D&M Holdings on the Block?

D&M Holdings, Inc., the Japanese consortium that owns Denon, Snell, Boston Acoustics, McIntosh, Escient, and Marantz, is apparently on the marketing block. Rumors to that effect have been circulating since mid-March, although the company's website, in a press release dated 04/15/08, coyly says only: "D&M Holdings, Inc. notes that recent press reports concerning the potential sale of D&M shares is not based on any information provided by the company."

Not precisely a firm denial.

Speculation on who has entered a bidding war for D&M has been heated, possibly over-heated. Audioholics listed the contenders as including Bain Capitol (owner of Kenwood), Advantage Partners LLP, Merrill Lynch, and Best Buy—which is currently D&M's largest customer.

The way the purported deal would work remains, like much else about this story, a little murky. Last March, after a rumor that Harman International was interested in purchasing D&M (and a subsequent stock surge), RHJ International SA/NV, which holds a 49% share of D&M Holdings, undertook contenders for its D&M shares and winnowed the field down to Bain, Advantage, Merrill Lynch, and Best Buy. Late last week, the news went viral, when it was discovered that Philips Electronics, which owns 12% of D&M, would also be willing to auction its shares to the same buyer RHJ International sold to—giving a controlling interest of 61% of the company to the eventual purchaser.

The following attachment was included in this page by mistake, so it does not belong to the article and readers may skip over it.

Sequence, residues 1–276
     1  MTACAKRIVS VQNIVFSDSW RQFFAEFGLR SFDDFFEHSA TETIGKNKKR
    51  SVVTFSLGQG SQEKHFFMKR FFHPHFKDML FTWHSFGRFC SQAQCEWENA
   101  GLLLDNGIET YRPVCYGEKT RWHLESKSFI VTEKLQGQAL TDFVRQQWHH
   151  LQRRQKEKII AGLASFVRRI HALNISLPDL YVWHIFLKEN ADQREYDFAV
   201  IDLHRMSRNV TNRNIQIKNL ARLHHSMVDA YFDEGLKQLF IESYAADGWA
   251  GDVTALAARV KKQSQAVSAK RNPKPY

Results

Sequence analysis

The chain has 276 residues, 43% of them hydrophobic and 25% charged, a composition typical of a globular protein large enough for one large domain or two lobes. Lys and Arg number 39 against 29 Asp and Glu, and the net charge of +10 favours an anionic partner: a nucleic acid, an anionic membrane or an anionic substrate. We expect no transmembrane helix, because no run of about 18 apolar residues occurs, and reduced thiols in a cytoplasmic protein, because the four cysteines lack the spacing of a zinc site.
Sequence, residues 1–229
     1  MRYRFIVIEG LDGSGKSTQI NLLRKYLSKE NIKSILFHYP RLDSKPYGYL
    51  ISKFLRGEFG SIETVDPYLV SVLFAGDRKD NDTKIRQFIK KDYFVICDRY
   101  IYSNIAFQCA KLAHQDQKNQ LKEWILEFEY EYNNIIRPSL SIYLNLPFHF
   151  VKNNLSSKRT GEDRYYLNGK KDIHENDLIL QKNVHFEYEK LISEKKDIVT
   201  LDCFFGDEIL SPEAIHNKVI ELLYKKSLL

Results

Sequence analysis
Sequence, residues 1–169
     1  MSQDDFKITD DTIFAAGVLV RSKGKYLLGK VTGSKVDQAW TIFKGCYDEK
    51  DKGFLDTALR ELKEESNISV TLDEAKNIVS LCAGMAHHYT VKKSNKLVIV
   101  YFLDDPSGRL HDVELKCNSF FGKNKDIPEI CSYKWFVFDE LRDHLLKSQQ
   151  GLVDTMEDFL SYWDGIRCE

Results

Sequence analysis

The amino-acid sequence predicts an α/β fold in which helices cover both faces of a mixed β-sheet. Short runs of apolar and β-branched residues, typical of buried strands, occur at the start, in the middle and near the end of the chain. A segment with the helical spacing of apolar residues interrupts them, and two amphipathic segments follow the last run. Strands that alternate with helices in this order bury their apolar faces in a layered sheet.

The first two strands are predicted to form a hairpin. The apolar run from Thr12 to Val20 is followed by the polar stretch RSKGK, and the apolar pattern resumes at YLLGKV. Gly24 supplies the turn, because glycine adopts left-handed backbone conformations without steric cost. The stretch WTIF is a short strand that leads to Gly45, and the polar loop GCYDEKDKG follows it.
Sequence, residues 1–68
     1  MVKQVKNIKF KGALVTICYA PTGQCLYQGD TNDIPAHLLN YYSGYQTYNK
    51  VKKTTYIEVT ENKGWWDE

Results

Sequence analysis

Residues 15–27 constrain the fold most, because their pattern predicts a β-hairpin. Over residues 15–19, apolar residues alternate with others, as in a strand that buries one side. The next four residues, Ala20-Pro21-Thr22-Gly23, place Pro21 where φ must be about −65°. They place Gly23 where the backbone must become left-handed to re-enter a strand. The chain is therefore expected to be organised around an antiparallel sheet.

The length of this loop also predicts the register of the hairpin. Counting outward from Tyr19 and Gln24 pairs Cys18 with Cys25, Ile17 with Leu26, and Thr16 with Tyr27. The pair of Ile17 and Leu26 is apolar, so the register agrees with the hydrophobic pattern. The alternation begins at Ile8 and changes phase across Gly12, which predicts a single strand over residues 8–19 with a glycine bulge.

So will Best Buy end up owning some of the best-known names in audio? I couldn't find anyone in the industry willing to bet on it. One ex-retailer told Stereophile, "It feels like déjà vu all over again," referring to Best Buy's 2001 "leak" that it was interested in purchasing Sound Advice, an "offer" that led Tweeter to bid up the purchase price precipitously. Many industry insiders feel that Best Buy was never seriously interested in the south Florida chain, but was rather gaming Tweeter into an expansion it couldn't digest. If that was the plan, it worked.

A high-end manufacturer who makes it a hobby to read corporate profit and loss documents told Stereophile that he felt the US's current economy would discourage a bank-financed buy-out, since debt acquisition is currently such an "unclean" topic in the financial press. "Look to Asia," he said. "India and China are cash-fat right now—and both are hungry for the respect that goes with name brand luxury goods. Look at Tata Motors' purchase of Jaguar and Land Rover last month."

So there you have it. Nobody is admitting anything and "everybody lies"—it's almost like an episode of House. When, and if, we get more information on the sale or lack thereof of D&M Holdings, Stereophile will publish it.